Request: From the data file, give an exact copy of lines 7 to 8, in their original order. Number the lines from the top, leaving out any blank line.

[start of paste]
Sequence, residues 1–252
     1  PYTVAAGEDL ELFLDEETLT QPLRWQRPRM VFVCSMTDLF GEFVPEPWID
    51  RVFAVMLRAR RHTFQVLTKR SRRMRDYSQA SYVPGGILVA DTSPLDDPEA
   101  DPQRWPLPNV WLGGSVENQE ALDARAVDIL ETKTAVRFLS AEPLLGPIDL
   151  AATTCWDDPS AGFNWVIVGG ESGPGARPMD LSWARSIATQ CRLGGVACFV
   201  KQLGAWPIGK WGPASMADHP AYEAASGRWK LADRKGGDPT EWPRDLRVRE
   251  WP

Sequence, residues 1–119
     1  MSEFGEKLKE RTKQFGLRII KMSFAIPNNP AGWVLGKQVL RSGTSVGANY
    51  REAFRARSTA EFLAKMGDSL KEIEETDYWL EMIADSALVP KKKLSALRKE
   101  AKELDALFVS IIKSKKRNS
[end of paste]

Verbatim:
   251  WP

Sequence, residues 1–119